These days when I pull into the school parking lot in the morning, I find myself sitting in the car for a few extra minutes. I doubt I am the only teacher doing this. Some days, getting through the end of the school year feels like a Herculean task.
When the bell rings, releasing my class into the hallways, I sit down on my desk like a sprinter trying to catch a breath.
Work follows me home on a lot of afternoons. It’s like that stray dog you can’t shake, but you know you don’t have the time or energy to take in. I feel tired, and I doubt I am the only teacher who feels this way.
Maybe you feel this way, too. Maybe you are digging a little deeper to maintain the enthusiasm you started the year with, faking it until you make it (to summer).
But we all know that on the horizon is the chance to reboot, recreate, and rethink. On the horizon is another year when we get to do it all again, and that may be the magic of it.
Right now, a fresh start looks pretty good.
It is about now that I begin longing for the fresh start of a new school year. In September, nothing has gone wrong, and there is an excitement in the air as we start the process of forming the relationships with students we hope will inspire them and push them toward success. Students are eager to learn and eager to please.
This time of year, however, there are kids at risk of failing for the year, students who have cheated on tests, and lessons I wish had gone differently. I doubt any teacher makes it through a year without feeling like there was a kid they just couldn’t reach. We feel that we could have done better, should have done better. Good teachers are haunted by those kids.
Right now, our minds may start wandering.
There is an inevitable turning away that comes with the spring. Nowhere is that more evident than in the seniors I teach. Their minds are coordinating the colors of prom dresses and tuxedos or planning the layout of their dorm rooms. But it happens across all grades. Students who were happy to dig into a piece of literature on a dreary winter afternoon are feeling the pull of other interests. Just like us, they are distracted by the promise of summer. Just like us, they want to be outside enjoying the spring air.
Then there are all the kids we know are not looking forward to the final bell that starts summer. I fixate on those kids who I know take solace in school. It’s the only safe harbor in a life that has offered them far too strong a tempest. All year we seek these kids out for a quick conversation in the hallway. We check up when they are absent. We write a slightly longer, more supportive note at the bottom of their paper. Now they will head out for more than two months, navigating the world without us. We wonder: In a world of stormy seas, have we helped them build a strong enough boat?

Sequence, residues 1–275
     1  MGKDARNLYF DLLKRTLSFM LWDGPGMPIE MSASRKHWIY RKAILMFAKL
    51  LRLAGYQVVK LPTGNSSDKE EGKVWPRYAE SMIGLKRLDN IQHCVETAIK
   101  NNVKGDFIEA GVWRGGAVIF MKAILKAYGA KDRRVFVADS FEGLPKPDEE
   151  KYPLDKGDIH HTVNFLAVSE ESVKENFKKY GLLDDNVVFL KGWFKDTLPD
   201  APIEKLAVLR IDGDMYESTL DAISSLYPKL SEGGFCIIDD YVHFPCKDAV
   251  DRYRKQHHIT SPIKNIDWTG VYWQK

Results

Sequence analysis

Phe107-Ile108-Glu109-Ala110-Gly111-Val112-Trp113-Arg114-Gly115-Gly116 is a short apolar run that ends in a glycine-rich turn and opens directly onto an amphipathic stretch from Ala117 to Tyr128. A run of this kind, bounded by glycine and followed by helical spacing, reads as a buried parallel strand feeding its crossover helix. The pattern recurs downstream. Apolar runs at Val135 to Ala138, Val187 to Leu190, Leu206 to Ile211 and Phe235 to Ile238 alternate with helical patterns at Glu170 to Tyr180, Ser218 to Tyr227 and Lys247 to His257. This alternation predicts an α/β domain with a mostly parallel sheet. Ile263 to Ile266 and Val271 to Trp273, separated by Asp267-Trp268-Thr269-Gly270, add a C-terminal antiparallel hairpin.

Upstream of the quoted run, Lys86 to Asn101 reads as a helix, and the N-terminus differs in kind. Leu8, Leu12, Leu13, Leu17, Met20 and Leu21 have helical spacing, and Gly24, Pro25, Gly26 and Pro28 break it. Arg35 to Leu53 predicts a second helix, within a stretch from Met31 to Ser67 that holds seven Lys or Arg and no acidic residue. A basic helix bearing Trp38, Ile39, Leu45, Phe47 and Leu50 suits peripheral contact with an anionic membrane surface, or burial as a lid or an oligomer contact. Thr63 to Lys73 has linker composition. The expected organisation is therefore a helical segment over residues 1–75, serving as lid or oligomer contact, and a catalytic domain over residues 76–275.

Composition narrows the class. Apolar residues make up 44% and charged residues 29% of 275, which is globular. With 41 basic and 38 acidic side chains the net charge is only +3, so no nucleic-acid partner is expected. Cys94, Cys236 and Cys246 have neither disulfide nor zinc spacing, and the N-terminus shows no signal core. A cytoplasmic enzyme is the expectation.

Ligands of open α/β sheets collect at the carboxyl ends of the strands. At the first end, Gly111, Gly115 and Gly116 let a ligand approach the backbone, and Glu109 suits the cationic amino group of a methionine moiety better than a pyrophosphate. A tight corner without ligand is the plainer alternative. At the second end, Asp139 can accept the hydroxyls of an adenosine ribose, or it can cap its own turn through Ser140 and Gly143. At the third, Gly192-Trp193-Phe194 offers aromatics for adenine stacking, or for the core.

Right now, your tank might be empty.
We all know that being a good teacher requires being a good counselor, surrogate parent, shoulder to cry on, cheerleader to celebrate with, taskmaster, inspirational speaker, and caregiver. We all know the energy required to do that day after day. After nine months of this, we may be running on fumes.
Right now, there is the promise of next year.
Even in the waning days of fourth marking period, we keep reaching out to those kids creeping closer and closer to the numerical impossibility of passing for the year. We know that, if nothing else, we are laying the groundwork for another attempt in the fall. We fight to never show them the exasperation we feel, to never offer up anything they may construe as us giving up on them. We keep shaking off the urge to relinquish the last ten minutes of class to Snapchat while we stare out the window dreaming of where we would rather be. We compile work for kids whose summers are voids to be filled and promise to check in via email.
So, we keep plugging along.
There is so much to be excited about. Spring flowers are speckling my commute to work with a dazzling display of colors so vibrant it seems fake. It is no longer dark when I drive home from work. Administration has almost finished observations for the year. Teachers across the country know that we have one marking period left before heading out for the only real perk our profession offers: summer vacation.
So we sit in the parking lot for an extra minute while we finish the track on our “Pumped for School” playlist. We hit up the school store for an extra cup of coffee. We might even pay for our colleague’s cup as well, with a knowing nod. We dig a little deeper. We try a little harder.
And maybe, as we pack up our things for the day, we pull the paper chain from the bottom drawer of our desk and rip off another link. Summer will save us. It will rejuvenate us. In September, we will begin again with an energy that we now must work so hard to summon.